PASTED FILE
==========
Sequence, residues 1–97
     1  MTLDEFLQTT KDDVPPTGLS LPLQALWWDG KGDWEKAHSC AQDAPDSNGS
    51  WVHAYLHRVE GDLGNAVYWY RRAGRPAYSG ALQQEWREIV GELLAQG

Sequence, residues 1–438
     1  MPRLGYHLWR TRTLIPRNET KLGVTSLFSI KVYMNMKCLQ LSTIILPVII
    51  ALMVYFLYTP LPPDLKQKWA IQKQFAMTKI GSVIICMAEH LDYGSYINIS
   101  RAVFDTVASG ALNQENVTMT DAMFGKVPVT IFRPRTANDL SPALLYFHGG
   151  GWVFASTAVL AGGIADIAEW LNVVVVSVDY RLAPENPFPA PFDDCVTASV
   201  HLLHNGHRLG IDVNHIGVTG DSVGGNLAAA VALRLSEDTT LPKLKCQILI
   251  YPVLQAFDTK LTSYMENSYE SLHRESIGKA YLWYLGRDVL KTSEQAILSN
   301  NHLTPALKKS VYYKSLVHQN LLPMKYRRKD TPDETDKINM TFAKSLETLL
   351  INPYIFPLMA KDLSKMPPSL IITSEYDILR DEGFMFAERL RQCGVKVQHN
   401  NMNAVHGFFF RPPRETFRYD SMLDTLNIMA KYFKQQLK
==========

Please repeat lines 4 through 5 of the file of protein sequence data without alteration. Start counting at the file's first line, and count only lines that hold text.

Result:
Sequence, residues 1–438
     1  MPRLGYHLWR TRTLIPRNET KLGVTSLFSI KVYMNMKCLQ LSTIILPVII